In this blogpost I will show y’all how I got here. Hopefully. I do tend to ramble and digress.
The tale actually began at the 2007 BSF convention at the Morikami. It was the second day and this guy pulls up in a U-haul truck and parks in a spot under a tree. He starts unloading buttonwood out of the back. His prices are amazing; he’s undercutting everyone. I kinda mosy over and look. My good friend Mike Cartrett warns me against buying them. I guess the guy had just collected them and they weren’t established yet. Mike gets 6 or 7 of them. And warns me again “if you get one leave it alone for a year”
I wish I had pictures of it then. It was planted in a drip pan with holes drilled into it for drainage. I’m glad I didn’t take everyone’s advice and not get one (they certainly were all getting one, or three) because it is obvious that this tree has a special quality to it.
The advice given to me was “Put it in the shade and forget about it”
I didn’t follow it. I washed off the mucky soil it was in and, believe it or not, the tree was screwed to a pressure treated 2×4! And to add insult to injury,there were only three roots, each only about a half inch long. Small,white, spaghetti looking things. I looked up at the sky and prayed to the bonsai gods, “please…”.
I did what I know how to do; put it in a training pot with good bonsai soil. I watered and fertilized. I then let it grow for a year before I started fooling with it.
That’s what kills more bonsai than anything, trying to rush a tree. My philosophy is, if you have enough trees to work on, then you will have the patience to just let a tree grow. Every day it is allowed to grow it is also storing excess sugar reserves. It’s these reserves that give the tree the energy it needs to regrow what we have cut off. Too much work on a tree and the vigor will wane. Let it grow man.
At my place it might take three years to get a tree into a bonsai pot (because it usually has to wait in line). But, I do that by design. I think my trees are healthier by letting them grow.
The next step was putting it into a bonsai pot. I did this at a NoNaMe Bonsai study group meeting where Mary Madison was our guest. I love Mary, her knowledge and stories are not to be ignored. She still goes and collects in the Keys and the swamps and I won’t tell you her age but it’s at least twice mine. She can out collect anyone too. With a smile.
I put it in this pot and styled it.
The observant will observe that what was the obverse side is now the reverse side.
Let’s take a stroll around this tree
I have this pot for it.
It is round. It’s handmade. It is “sea foam green” so it kinda goes with the whole buttonwood theme. Maybe.
I like it because it will drain well and the color is subtle.
To digress, there are near scientifically aesthetic reasons for choosing pots for our trees. The shape and size of the feet, if it has feet, the shape of the lip or the texture of the glaze. If you wish to learn the minutiae please do.
This tree is a buttonwood. Which means expressionistic. I like this tree/pot combo, until, that is, I find a better pot. If you disagree feel free to comment.
All trimmed to fit into the pot.
It looks like burnt driftwood here.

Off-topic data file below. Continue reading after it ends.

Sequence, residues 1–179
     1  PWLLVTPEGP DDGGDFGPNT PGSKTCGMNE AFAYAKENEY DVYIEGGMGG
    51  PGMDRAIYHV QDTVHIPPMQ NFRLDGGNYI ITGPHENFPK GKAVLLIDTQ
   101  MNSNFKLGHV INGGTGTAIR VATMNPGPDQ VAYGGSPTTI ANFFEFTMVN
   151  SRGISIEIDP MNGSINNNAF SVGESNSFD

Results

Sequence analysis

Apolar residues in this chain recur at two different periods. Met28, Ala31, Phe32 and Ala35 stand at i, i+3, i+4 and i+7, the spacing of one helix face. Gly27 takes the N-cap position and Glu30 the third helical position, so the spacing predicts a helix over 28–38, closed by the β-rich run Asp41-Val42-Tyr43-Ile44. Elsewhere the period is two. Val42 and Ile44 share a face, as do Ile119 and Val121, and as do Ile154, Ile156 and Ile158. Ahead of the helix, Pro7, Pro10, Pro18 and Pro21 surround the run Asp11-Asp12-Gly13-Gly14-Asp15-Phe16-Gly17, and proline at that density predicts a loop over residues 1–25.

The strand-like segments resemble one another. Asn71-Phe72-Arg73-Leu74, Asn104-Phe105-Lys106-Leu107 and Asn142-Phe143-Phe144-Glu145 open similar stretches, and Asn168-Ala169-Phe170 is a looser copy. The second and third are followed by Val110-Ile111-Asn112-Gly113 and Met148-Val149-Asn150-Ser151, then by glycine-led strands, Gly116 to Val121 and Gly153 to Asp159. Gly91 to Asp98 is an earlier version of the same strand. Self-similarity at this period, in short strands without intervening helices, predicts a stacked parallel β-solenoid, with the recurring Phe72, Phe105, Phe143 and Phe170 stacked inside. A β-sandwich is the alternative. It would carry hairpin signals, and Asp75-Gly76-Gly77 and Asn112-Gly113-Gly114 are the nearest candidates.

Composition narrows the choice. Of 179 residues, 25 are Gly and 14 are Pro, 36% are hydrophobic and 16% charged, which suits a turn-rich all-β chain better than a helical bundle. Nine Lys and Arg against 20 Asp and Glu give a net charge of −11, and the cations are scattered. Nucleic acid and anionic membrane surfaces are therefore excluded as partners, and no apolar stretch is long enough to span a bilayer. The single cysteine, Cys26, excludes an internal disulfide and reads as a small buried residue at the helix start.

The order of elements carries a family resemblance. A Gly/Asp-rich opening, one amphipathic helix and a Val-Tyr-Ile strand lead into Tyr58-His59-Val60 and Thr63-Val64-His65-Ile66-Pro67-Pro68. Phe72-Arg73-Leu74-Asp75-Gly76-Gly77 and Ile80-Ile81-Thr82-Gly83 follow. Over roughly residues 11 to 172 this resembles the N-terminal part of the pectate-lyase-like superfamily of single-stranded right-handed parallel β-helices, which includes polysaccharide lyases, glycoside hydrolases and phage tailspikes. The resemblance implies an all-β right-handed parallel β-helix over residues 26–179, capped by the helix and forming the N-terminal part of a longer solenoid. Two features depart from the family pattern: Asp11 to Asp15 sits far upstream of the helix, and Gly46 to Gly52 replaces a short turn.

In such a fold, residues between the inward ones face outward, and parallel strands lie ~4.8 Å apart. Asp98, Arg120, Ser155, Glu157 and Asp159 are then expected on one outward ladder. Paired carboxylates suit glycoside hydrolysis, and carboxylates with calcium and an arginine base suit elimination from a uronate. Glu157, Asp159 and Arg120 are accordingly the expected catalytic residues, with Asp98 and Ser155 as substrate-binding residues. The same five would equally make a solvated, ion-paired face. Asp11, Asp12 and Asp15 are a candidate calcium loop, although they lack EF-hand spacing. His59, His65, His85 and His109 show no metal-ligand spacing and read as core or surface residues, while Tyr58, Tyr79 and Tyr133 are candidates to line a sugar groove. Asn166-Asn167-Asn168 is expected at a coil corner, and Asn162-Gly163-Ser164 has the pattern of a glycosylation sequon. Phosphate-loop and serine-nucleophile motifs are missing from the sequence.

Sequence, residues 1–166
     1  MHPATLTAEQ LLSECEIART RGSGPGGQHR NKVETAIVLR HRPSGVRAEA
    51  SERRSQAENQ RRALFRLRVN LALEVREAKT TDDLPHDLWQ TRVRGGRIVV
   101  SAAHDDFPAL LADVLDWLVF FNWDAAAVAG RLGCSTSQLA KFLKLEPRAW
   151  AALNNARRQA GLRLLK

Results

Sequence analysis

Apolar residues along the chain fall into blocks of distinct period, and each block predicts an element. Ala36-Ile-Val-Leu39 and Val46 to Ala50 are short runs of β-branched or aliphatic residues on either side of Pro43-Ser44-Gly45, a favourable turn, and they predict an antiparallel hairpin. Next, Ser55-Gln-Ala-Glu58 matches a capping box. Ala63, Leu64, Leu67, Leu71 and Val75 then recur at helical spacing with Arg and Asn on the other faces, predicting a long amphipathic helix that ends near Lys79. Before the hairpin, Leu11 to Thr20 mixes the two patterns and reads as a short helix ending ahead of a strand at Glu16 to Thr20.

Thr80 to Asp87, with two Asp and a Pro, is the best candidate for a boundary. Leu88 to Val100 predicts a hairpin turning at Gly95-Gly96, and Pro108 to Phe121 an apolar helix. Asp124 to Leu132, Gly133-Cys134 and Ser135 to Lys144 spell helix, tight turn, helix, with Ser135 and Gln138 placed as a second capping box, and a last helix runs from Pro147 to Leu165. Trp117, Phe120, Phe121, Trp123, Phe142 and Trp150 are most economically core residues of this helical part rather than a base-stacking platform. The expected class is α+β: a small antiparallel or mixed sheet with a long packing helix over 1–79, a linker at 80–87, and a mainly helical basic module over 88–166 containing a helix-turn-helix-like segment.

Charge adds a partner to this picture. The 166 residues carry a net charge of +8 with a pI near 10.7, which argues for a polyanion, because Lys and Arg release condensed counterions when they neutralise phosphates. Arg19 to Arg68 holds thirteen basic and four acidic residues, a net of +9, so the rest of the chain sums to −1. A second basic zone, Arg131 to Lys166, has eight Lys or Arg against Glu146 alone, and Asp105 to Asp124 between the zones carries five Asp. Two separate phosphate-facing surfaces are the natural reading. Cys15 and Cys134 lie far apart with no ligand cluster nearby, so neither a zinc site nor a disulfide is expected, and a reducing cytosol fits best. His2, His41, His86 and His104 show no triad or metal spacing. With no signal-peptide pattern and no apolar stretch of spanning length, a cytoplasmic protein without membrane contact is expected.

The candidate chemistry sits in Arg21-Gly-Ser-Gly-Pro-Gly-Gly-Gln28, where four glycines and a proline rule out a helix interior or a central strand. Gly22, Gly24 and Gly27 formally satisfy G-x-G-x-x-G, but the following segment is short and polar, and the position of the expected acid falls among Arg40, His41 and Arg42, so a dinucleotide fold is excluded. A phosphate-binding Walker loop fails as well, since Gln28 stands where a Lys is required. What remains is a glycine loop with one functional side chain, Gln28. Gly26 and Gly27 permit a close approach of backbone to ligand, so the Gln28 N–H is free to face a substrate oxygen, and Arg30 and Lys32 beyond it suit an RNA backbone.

I will continue to stress the need for tying your trees in. Especially
buttonwoods. Double wires.
Let’s talk lime sulfur.
This is what I use. I actually got it from Bonsai World when they were still in business. But you can find it in many independent garden centers or online.
There are several threads online about the legality and availability of lime sulfur in the US.
This is from the manufacturer. The EPA has found lime sulfur to be practically harmless environmentally (duration of instance, lasting toxicity, cumulative exposure etc.). They just required current manufacturers to resubmit specific formulations for review. Most smaller manufacturers did not want to bother because it’s not a popular fungicide anymore.
They won’t ship to those states shown above because some counties within those states (or all of California) have not completed their own analyses or deem it to be “bad”. It is not “illegal” as you might be first led to believe.
First we prep the wood.
Using a wire brush ( say this out loud “wire brush… Because it works”. Say it until you get the joke) clean the branch using strokes going with the grain.
And there ya’ go. Sometimes a wire brush (‘cuz it works) is all you need to make a piece of deadwood (Jin) look aged.
It is orange. I suggest using disposable apparatus when working with lime sulfur. It will mess things up.
Don’t be surprised at the smell. It smells like burrito night the next day.
I suggest you cover your work area and cover the soil as well.
Paint it on liberally , making sure to not paint the live veins (just aesthetically. It’s ugly) and keep applying until you are sure you have good coverage.
Some people say to apply on wet wood, and vice/versa. I did both and the absorption is the same.
It takes a day or two to take full effect with the bleaching. It kills the fungus and prevents more fungus from building up.
Some people don’t like too bright a white and will add India ink to it the dull it. I don’t put too many coats on myself.
I actually don’t use lime sulfur much, I usually like a natural wood color.
These images are two days after the original application of the lime sulfur.
I think the white jin and green leaves both complement the pot well.